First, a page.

A national car insurance comparison site listed Tulsa as one of the top 20 cities in America for car theft in 2018.
Insurify listed Tulsa as the 14th highest city for car thefts with 505 per 100,000 people, citing data from the National Insurance Crime Bureau.
Tulsa’s ranking puts the city between the Portland, Oregon, and Denver metropolitan areas and more than twice the national average. Nearby Joplin, Missouri, and Wichita, Kansas, also made the list at 19th and eighth, respectively. Albuquerque, New Mexico, Anchorage, Alaska, and Bakersfield, California, had the three highest rates.
Tulsa police Lt. Glen Moore leads the department’s auto theft unit. Moore said auto theft in Tulsa is less “Gone in 60 Seconds” and more often crimes of opportunity.
Moore said older cars are more frequently targeted for two reasons. Under state law, cars older than 10 years only need a bill of sale to be sold or scrapped. Those cars also have fewer anti-theft devices than newer models, like some older trucks that can be stolen by popping the steering column, Moore said.
Insurify also collected data for the top 10 most frequently stolen cars, calculated by the number of cars stolen per 1,000 of the make and model. The most common nationally were a 2000 Honda Civic, a 1997 Honda Accord and 2006 Ford pickup. The most commonly stolen car in Oklahoma was a full-size Chevrolet pickup.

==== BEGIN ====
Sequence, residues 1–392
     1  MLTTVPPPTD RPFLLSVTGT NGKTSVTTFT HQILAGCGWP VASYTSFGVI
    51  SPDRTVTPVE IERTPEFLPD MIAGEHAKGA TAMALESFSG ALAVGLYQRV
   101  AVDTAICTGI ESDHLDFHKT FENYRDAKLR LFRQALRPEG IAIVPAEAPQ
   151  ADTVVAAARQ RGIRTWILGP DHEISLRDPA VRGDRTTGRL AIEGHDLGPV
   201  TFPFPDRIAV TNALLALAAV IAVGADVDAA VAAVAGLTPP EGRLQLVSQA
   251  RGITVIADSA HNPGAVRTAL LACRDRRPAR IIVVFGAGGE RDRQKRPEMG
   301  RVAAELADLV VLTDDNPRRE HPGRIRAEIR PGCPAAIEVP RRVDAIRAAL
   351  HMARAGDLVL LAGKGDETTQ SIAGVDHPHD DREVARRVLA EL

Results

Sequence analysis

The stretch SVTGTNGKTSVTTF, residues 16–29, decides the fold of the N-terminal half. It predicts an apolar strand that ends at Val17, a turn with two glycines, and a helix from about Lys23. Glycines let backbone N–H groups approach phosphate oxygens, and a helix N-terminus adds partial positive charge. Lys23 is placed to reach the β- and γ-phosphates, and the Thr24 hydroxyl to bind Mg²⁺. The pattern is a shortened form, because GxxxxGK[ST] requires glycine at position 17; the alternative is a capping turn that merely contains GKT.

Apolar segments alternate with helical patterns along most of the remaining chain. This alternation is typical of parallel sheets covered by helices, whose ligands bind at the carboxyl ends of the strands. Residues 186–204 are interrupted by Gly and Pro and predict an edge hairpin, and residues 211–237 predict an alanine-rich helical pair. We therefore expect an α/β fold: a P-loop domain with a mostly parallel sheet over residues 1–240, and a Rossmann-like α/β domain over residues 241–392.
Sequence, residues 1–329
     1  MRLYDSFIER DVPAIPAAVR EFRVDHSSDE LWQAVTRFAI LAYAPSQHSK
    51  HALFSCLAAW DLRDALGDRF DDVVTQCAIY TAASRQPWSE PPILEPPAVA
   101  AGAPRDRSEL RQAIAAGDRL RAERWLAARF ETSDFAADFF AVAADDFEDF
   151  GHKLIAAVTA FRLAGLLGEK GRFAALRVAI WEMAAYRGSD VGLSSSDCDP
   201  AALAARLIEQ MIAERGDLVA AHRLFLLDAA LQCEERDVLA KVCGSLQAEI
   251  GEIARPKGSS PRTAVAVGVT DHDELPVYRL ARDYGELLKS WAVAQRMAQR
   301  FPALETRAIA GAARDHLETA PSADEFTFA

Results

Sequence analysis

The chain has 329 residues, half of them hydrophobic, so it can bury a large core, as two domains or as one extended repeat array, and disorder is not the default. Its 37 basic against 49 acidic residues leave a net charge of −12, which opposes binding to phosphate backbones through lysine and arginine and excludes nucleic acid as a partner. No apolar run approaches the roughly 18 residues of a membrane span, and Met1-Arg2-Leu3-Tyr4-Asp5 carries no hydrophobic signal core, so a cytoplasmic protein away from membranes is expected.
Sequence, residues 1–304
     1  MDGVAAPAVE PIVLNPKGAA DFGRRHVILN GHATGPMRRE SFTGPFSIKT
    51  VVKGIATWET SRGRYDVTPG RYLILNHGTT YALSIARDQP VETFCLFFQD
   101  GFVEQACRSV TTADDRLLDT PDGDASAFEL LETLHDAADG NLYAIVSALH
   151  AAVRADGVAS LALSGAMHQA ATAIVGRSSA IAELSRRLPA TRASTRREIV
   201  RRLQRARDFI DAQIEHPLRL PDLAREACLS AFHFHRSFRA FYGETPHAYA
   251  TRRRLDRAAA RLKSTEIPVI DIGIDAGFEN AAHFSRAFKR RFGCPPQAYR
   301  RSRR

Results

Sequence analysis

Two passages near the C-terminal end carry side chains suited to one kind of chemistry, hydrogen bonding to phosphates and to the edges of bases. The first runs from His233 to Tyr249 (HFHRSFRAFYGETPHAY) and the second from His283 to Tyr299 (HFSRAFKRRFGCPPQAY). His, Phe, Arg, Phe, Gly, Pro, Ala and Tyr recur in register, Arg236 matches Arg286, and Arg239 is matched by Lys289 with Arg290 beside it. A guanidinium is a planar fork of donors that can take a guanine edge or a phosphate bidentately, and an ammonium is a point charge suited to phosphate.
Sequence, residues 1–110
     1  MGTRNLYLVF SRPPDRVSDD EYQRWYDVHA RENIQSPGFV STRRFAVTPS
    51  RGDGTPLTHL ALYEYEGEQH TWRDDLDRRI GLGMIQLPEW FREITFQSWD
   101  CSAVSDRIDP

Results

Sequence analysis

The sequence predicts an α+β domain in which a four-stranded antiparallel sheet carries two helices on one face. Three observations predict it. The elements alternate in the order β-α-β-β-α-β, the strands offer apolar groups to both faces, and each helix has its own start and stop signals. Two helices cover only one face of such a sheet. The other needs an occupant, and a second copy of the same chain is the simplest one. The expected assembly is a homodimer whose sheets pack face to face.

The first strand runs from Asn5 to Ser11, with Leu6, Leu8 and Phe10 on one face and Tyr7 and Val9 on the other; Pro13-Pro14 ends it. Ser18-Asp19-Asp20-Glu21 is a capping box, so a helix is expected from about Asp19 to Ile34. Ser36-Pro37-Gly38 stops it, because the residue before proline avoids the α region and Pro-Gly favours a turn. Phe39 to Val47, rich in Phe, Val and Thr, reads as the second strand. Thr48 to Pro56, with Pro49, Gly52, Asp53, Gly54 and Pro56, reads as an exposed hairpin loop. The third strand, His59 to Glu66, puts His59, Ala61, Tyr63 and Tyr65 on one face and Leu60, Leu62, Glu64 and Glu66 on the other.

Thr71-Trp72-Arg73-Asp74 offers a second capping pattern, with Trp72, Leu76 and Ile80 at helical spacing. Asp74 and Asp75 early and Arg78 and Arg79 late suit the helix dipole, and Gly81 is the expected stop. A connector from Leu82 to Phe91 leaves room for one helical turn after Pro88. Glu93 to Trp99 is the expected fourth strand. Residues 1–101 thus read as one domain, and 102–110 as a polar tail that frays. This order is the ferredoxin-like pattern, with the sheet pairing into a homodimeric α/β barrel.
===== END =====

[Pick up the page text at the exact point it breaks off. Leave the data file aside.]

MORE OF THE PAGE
Moore said Tulsa sees similar numbers with Chevrolet trucks and SUVs, along with Hondas being the most frequently stolen models. There’s recently been a trend with Ford 3/4-ton pickups, though, Moore said.
However, thieves are often going on luck, not a plan. Moore said because most car thefts aren’t pre-planned heists by a Hollywood thief, basic precautions prevent most thefts before they can happen.
Some thefts happen while a car is warming up in the driveway early in the morning, or while the driver runs into a convenience store or coffee shop and leaves the car running, Moore said.
Others occur overnight where individuals will find keys to a different car in the driveway inside an unlocked car, Moore said.
“Don’t leave your keys in the car,” Moore said. “Don’t leave the door unlocked with the keys in the car. Don’t leave it running with the doors unlocked and the keys in the car.
“Believe it or not more than 50%, maybe more like 75% of the vehicles that are stolen the keys are in them one way or another. ... So my No. 1 advice to anybody who ever asks is don’t leave your keys in the car, don’t leave your car unlocked or running.”